Williams School senior plans to make career out of serving others
New London — When asked about a moment that influenced his life, The Williams School senior Charlie Bunnell points to a chance meeting that happened more than 10 years before he was born.
His mother, he said, was crying by herself in a church when a man who turned out to be then-U.S. Sen. Christopher Dodd walked up and asked her what was wrong.
A single mom at the time, Eva Bunnell told Dodd of the taxing financial situation she was in while trying to care for her severely mentally and physically disabled daughter.
Over the next several years, Eva became an activist of sorts, speaking far and wide on behalf of those in situations similar to hers.
Dodd, meanwhile, successfully turned a bill he drafted into the Family and Medical Leave Act of 1993, which still is active today.
"I owe my life to my mother's passion, my sister, Chris Dodd," the 18-year-old said, explaining that his sister, Jacinta, died in 2009. "My mother and father have always taught me how everyone deserves the same treatment."
It's a major part of why Bunnell, a resident of East Haddam, wants to be a part of Doctors Without Borders after he finishes the journey to attain the necessary degree, which he plans to begin at Tufts University.
"I want to be able to provide care regardless of political affiliation, regardless of religious affiliation," he said. "I just want to help, and I've wanted to do that for a while."
But since coming to The Williams School partway through his sophomore year — he first had to prove to his parents he was serious about academics — Bunnell has done more than just focus on medicine.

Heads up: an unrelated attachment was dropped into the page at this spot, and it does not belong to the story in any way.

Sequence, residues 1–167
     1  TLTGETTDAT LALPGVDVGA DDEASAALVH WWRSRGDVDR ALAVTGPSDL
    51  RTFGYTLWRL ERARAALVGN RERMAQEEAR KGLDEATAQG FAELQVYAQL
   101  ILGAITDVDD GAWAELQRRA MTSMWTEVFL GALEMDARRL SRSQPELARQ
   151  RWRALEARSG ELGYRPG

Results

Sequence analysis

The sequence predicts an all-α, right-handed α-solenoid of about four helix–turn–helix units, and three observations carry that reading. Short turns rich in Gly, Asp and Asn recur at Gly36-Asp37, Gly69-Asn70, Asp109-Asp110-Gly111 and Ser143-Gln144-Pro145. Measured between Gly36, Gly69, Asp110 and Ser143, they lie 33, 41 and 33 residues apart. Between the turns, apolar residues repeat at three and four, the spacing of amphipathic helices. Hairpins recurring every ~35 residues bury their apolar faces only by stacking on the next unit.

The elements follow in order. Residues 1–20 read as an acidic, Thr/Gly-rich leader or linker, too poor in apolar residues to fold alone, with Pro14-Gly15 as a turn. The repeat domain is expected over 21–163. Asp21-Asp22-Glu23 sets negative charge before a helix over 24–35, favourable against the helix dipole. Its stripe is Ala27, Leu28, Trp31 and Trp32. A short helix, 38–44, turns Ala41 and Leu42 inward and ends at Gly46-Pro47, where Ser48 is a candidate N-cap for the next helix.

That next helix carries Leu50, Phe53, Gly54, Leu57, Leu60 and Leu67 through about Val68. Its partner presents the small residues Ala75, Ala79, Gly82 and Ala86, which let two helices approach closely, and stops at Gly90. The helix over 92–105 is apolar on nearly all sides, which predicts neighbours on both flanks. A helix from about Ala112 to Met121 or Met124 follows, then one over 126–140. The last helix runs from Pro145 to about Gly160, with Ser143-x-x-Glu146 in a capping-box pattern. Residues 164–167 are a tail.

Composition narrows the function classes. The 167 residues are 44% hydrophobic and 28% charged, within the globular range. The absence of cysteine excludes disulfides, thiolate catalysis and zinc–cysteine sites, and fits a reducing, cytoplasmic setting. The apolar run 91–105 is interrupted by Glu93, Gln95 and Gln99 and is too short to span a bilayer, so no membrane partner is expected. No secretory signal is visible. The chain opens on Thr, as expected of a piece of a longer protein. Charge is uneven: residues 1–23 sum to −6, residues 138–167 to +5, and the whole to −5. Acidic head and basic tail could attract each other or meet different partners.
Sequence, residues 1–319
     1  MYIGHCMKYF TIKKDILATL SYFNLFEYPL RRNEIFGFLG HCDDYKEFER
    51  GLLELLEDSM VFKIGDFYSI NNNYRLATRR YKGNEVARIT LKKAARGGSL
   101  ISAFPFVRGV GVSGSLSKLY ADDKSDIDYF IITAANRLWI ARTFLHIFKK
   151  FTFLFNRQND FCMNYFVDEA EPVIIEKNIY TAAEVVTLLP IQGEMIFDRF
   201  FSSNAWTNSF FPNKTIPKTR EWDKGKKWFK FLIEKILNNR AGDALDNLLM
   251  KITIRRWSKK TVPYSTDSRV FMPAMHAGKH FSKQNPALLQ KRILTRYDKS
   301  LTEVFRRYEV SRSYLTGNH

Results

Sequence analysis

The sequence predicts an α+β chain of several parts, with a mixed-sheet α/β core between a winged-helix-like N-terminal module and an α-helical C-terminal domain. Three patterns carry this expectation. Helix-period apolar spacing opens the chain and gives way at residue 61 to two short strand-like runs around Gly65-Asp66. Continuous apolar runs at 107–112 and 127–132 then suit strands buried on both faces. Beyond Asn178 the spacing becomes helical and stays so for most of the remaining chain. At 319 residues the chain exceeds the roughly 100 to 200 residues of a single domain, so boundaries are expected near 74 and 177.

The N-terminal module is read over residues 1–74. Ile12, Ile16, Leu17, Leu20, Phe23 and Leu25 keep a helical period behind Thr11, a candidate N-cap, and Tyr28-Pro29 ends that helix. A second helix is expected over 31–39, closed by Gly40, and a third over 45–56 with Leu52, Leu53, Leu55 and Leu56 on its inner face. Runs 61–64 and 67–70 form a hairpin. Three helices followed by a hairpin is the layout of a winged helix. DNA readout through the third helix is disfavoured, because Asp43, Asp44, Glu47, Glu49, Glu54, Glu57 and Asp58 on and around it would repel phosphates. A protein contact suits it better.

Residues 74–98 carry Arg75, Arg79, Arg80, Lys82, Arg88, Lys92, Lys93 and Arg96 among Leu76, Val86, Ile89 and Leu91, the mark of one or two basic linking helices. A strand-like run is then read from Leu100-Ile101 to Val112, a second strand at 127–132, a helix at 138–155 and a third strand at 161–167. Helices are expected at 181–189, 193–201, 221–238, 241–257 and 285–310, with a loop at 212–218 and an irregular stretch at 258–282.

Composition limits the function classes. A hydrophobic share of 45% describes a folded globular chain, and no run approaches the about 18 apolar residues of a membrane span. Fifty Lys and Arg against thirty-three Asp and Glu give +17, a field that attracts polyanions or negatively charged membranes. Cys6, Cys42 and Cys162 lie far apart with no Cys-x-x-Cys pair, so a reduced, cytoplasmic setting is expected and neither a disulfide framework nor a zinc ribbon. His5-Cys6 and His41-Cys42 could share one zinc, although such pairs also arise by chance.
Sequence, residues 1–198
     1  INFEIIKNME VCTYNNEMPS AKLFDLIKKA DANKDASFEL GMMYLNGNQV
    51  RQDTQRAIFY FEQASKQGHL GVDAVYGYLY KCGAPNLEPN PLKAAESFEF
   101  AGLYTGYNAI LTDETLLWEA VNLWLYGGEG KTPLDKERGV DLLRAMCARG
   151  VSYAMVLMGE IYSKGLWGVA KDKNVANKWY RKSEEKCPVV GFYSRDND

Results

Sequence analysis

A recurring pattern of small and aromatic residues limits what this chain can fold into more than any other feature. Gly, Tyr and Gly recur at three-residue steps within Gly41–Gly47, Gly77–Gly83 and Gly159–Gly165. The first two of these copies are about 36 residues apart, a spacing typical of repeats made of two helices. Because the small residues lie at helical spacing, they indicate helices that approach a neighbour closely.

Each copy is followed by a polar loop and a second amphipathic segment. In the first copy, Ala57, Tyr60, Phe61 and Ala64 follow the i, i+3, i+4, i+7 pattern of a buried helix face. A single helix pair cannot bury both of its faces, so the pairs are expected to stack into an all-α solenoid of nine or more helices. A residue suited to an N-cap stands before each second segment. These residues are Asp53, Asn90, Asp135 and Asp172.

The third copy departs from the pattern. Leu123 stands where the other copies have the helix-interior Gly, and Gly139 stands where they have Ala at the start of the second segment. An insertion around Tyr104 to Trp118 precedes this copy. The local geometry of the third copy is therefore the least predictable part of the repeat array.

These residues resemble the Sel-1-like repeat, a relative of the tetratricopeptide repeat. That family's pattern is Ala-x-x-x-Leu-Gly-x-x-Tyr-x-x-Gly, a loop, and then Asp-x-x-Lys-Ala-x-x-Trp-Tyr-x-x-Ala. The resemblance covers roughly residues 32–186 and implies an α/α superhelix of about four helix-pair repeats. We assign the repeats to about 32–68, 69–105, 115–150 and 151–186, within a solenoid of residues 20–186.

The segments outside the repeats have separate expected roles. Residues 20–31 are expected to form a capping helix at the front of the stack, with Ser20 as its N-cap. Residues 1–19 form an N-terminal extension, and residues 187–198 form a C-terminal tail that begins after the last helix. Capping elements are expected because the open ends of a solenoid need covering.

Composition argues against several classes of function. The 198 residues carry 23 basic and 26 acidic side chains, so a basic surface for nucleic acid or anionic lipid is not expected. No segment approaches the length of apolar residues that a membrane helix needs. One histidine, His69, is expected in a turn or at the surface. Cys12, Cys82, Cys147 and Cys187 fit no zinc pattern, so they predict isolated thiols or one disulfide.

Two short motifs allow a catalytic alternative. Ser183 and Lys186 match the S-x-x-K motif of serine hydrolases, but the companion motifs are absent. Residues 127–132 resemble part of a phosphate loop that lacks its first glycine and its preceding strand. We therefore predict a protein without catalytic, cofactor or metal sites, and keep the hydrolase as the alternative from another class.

A quiet kid growing up, Bunnell said he broke out of his shell when offered the lead role in a musical in eighth grade.
It wasn't his first time on a stage — "Theater's been with me a lot of my life," he said — but it was the first time he landed such a high-profile gig.
"You see me as shy right now, but when I get to learn something over time and I get to present that to an audience, that (shyness) just goes away," Bunnell said.
Bunnell's newfound confidence followed him to The Williams School, where he has, in addition to being heavily involved in the theater program, joined the varsity sailing team and worked as a class officer while maintaining high honors status.
As a class representative, he spearheaded an effort to rework the student government constitution. The roles of the president, vice president and other class representatives, he'd noticed, hardly, if at all, differed.
Bunnell said he could've just taken a role in organizing a dodgeball tournament or the school dance, but instead thought, "Why not leave something that has more impact?"
He sought to make the elections process less of a popularity contest by eliminating titles and calling everyone a class representative in order to give those most qualified a better shot.
Much to his surprise, his peers readily accepted the new way of doing things.
Bunnell was shocked, too, when his classmates voted to hear him as their graduation speaker.
"I feel really honored," Bunnell said, acknowledging that, since getting more involved in school, he's made more friends and gotten to know them better. "I guess people got to know me, too."
Bunnell had three pieces of advice for upcoming students: Take the time to get to know your teachers, get your work done on time and have fun.
"It took me a while to get the last part," he admitted with a smile, "but it is a lot of fun here."
Heavily influenced by his grandfather, Bunnell in the eighth grade was reading "The Communist Manifesto" at a time when many of his peers were just getting into young adult fiction.
He dreams of finding a way to make true universal health care more efficient and thinks he might tackle that once his stint with Doctors Without Borders is up.
"My mother still says that to me: 'You need to do what's right,'" Bunnell said. "'If you're going to be a doctor, don't do it for the money.'"
But Bunnell, who said he's always been described as an empathetic person, said his intentions are pure.
"Even when I wasn't talking a lot, when I was shy, I always tried to listen and get to know what people were feeling and thinking," he explained. "When they weren't feeling all that well, I would try to help when possible. I continue to try to do that."
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